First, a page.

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Vermont Farm Table

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Dustin Glasscoe came to Vermont to get involved in the local food movement.

He did that six years ago by creating a business for people to eat on -- Vermont Farm Table.  The company makes custom tables, and seating and kitchen wares, using traditional hand techniques. 

"They're just authentic. They're solid wood, they're non-toxic finishes, they're easy to repair, they have a natural beauty to them," said Dustin Glasscoe, the company's founder.

The garage born business has grown to employ seven people and is adding two more.  It occupies a Burlington retail shop and a 10-thousand-square foot woodshop in Bristol.  "A lot's changed, yeah. We've grown in excess of 50-percent per year since we opened the doors, and expect the same growth this year," Glasscoe said.

Glasscoe's first year, Vermont Farm Table sold around 100 tables. Now the business ships out more than 1,000 a year. Tables are the bread and butter of the business, making up more than 85-percent of sales. The average one costs $2,800.

"One of the thing's that's stayed the same is, we just do it the hard way. We hand sand everything. We hand finish everything. We work individually with every customer, so we're not in a race to the bottom and we haven't taken the easy path in a lot of respects," Glasscoe said. "It's just good old fashioned, hardworking values that get the job done everyday."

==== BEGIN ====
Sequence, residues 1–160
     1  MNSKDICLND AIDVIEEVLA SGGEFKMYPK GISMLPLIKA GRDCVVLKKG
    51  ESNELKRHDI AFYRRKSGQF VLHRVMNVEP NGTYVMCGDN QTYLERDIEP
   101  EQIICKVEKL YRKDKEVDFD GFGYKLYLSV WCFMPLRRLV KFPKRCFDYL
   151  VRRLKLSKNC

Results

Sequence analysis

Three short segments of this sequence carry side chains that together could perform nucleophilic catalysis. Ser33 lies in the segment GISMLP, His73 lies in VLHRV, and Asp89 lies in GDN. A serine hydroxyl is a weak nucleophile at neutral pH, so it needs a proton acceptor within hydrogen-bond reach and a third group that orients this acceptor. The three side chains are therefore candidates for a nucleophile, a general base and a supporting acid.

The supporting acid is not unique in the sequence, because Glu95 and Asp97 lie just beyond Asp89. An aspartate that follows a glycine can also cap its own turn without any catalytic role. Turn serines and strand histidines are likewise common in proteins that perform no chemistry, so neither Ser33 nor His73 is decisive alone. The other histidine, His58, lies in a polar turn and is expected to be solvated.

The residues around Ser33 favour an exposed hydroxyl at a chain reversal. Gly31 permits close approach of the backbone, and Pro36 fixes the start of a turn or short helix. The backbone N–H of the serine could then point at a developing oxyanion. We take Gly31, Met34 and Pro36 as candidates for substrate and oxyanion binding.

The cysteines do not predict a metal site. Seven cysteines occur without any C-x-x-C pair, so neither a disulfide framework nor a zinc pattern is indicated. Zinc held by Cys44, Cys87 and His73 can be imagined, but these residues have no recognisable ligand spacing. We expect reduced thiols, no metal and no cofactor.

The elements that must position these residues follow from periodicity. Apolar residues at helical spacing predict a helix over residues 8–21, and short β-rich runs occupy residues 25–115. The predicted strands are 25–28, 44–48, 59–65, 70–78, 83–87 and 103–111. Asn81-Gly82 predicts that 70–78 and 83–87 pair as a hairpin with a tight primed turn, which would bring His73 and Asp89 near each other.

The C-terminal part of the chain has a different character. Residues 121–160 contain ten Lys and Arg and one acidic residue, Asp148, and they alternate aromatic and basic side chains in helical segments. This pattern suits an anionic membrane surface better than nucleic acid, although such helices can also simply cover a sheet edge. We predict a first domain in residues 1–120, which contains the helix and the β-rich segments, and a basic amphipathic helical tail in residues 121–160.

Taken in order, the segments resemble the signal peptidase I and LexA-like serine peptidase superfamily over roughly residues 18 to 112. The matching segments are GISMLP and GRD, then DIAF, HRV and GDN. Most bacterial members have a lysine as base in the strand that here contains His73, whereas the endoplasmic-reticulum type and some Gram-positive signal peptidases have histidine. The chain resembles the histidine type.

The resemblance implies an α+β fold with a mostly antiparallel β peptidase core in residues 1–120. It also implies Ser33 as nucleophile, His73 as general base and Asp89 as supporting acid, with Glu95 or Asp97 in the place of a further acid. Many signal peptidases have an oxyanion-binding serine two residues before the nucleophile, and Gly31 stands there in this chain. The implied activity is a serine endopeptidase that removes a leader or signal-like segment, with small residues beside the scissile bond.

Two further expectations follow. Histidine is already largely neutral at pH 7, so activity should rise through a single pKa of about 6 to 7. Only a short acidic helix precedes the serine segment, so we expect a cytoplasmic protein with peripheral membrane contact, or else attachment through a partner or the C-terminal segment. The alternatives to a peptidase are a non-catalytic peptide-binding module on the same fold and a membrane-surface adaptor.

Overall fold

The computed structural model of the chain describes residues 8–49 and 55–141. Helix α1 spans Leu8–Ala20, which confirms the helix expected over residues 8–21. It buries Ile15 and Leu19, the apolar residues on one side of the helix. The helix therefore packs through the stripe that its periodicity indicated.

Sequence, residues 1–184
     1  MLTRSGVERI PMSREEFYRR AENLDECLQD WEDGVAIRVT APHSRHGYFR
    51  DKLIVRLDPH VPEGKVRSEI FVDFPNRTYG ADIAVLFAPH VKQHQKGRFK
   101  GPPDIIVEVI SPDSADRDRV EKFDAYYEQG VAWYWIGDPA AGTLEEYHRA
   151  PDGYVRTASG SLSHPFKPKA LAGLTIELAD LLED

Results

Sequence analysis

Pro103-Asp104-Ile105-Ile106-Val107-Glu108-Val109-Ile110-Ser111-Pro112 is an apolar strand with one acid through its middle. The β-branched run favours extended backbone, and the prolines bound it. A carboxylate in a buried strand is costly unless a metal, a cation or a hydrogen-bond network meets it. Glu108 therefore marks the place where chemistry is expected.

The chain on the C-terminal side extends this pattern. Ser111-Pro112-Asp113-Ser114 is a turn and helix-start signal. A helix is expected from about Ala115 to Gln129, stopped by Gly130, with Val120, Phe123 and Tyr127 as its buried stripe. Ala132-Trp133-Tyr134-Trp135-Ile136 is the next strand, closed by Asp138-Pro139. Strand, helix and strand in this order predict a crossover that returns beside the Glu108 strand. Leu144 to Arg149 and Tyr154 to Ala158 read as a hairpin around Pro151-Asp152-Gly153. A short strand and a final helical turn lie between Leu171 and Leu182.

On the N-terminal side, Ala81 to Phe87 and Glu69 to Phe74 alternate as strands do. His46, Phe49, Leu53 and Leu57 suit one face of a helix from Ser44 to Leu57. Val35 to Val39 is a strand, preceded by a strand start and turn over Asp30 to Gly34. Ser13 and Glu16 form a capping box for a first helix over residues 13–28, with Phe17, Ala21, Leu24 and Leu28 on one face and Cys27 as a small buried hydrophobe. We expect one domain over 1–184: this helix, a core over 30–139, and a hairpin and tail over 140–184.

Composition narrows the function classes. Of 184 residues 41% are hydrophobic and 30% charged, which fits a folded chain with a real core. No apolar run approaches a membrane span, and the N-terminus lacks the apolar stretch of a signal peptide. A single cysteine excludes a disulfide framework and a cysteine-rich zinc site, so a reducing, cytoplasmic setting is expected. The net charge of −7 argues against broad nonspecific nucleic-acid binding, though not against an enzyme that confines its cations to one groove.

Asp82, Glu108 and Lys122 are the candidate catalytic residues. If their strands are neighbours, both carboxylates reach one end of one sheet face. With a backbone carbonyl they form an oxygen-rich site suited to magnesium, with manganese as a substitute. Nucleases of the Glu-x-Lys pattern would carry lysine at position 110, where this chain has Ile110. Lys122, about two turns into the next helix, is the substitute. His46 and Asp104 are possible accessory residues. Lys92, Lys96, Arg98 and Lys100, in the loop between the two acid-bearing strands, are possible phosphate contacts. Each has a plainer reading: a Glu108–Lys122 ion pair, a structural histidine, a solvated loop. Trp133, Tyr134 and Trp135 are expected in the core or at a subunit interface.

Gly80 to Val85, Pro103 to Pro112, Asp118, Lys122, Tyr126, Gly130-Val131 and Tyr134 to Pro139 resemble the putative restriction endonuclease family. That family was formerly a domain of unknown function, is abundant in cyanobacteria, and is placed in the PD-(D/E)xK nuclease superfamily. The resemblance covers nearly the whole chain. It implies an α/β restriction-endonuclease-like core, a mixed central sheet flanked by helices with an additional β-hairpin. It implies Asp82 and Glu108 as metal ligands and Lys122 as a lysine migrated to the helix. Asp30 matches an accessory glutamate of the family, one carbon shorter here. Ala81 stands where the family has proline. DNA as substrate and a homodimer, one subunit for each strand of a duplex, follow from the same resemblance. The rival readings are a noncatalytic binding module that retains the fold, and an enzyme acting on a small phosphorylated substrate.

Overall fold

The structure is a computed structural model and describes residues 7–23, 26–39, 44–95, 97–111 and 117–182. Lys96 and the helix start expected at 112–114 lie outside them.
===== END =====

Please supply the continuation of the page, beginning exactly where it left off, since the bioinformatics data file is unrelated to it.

Glasscoe admits there have been some mistakes along the way, including shifting focus from tables for a short stint to start a wholesale kitchen line. The company quickly signed over 250 accounts across the U.S. and then realized the high-volume low-margin business wasn't the right fit. It currently just sells direct through its store and online. "We're gonna stay focused on the table. We're gonna do one thing and do it really well," Glasscoe said. "We want to be known for the place to buy the best table in America."

You can find Vermont Farm Tables in homes and businesses across the U.S., including in places like Google and MIT. Commercial sales will continue to be a focus along with much larger plans. "Six more years down the line I hope to be the, you know, Simon Pierce of wood in Vermont or the Thomas Moser of Vermont, so that we've got a destination location with potential hospitality, food systems, education, multi-use facility," Glasscoe said.

Focusing on products in and around the table -- that are Made in Vermont. 

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